Published November 1, 2007
For the past six months, I have been immersed in the world of a woman who died in 1964.
When I was in college, I read this woman’s short stories and had little notion at the time that she was Catholic because my professors dealt with her faith as if it were some odd embarrassment.
I didn’t read her letters in “The Habit of Being” until a few years ago, and she then began to assume a real, almost living presence in my life.
In many ways, I felt that I had found a friend in this odd-duck writer who lived her life quietly and frugally on a farm outside of Milledgeville.
Of course, I am referring to Flannery O’Connor, a name that often brings a smile to people’s faces.
“Oh, I love her stories,” some will say, while others will confess that her stories are rather baffling and a tad too violent for their tastes.
Those who intrigue me, however, are the people like my younger self who have no idea that she was Catholic. Once they find out that she was, many assume that she was a Catholic in name only.
After all, aren’t all smart, funny, creative women who have made a name for themselves in the world somewhat distrusting of religion?
Aren’t they all strong proponents of feminism? And don’t they chafe at the notion of following decisions made by the pope?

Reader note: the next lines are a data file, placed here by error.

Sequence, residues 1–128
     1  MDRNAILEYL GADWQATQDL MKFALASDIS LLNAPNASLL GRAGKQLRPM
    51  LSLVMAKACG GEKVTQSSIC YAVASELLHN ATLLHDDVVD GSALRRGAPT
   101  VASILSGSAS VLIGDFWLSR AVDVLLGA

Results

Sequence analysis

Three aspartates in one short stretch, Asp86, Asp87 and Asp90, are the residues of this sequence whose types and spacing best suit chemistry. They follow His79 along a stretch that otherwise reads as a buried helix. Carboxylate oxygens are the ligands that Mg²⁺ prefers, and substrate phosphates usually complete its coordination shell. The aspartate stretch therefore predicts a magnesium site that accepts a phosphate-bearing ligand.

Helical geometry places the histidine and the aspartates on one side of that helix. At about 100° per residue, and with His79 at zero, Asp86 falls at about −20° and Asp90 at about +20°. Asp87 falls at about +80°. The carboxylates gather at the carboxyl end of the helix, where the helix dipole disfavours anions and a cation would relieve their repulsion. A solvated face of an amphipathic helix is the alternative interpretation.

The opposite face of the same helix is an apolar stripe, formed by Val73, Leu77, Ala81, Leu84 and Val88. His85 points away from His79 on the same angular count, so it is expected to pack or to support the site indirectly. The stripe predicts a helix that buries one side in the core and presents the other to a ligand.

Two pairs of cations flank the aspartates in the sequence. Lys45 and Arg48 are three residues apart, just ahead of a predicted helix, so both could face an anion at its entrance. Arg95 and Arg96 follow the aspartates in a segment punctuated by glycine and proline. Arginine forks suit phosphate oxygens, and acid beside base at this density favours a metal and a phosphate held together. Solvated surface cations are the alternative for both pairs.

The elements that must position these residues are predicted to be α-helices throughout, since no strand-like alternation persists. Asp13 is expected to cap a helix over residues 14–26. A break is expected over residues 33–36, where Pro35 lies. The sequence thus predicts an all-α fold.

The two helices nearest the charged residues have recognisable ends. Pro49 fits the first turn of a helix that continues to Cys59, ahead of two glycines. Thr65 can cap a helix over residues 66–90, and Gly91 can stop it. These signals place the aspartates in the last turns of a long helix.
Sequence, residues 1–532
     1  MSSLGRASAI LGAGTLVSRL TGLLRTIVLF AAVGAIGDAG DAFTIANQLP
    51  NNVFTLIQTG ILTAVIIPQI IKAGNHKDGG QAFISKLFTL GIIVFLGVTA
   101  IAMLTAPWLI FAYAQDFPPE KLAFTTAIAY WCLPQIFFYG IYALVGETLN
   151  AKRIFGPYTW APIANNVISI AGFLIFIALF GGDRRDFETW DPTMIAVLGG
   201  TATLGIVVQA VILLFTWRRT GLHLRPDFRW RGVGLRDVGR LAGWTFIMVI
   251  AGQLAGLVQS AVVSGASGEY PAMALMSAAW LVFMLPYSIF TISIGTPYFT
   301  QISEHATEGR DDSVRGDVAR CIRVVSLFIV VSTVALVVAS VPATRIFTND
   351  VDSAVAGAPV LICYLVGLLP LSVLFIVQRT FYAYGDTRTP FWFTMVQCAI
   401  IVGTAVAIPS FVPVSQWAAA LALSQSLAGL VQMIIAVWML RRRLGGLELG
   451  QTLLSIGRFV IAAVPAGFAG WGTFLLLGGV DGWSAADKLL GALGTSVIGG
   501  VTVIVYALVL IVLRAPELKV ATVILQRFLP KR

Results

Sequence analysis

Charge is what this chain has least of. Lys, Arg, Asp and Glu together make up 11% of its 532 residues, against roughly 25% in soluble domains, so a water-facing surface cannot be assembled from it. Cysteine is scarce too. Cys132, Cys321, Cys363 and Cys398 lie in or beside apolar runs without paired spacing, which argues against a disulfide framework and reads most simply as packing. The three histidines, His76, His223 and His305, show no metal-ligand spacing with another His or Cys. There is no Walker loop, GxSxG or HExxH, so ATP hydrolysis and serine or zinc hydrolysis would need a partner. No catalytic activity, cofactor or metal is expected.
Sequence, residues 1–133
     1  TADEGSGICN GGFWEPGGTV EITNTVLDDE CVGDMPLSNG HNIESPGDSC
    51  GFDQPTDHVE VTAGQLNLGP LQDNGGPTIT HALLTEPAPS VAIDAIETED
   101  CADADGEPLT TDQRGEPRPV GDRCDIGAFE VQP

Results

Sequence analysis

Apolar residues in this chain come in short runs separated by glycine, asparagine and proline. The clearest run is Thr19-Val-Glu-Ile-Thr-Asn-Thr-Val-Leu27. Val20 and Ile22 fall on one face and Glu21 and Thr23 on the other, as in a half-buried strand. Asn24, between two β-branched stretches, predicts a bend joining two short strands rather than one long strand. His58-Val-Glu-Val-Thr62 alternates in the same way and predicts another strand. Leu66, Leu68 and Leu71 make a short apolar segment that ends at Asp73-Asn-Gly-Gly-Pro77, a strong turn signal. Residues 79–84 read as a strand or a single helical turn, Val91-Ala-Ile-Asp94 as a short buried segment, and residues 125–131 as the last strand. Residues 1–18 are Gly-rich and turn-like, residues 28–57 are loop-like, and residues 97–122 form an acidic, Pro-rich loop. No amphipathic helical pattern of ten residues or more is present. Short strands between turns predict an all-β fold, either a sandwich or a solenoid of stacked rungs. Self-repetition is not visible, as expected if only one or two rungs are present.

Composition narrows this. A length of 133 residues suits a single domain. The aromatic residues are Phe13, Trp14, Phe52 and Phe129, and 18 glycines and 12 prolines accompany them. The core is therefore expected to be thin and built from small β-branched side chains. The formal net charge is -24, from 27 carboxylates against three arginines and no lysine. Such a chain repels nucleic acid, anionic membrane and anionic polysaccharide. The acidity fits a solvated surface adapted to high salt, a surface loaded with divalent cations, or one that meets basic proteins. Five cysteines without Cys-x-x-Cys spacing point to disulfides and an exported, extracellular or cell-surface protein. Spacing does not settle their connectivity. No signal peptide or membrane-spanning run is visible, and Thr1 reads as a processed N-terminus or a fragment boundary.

The big surprise for such folks, however, is that Flannery was a very traditional Catholic, who dotted all the i’s and crossed all the t’s. She was so obedient to rules that she asked a priest for a dispensation when she wanted to read a book that was on the Index, a list of books forbidden by the church.
She was also the kind of Catholic who embraced the Eucharist as the center of her existence, and she defended the real presence of Christ passionately.
Many readers will be familiar with the marvelous scene recounted in one of her letters, when she was at a dinner party and the hostess called the Eucharist a symbol. Silent up until that point, Flannery could hold her tongue no longer.
“Well, if it’s a symbol, to hell with it,” she said.
Clearly, she was not shy about defending her faith. And her letters reveal that she wasn’t hesitant to state that she believed that the Catholic Church was the one, true church, which Christ himself had founded.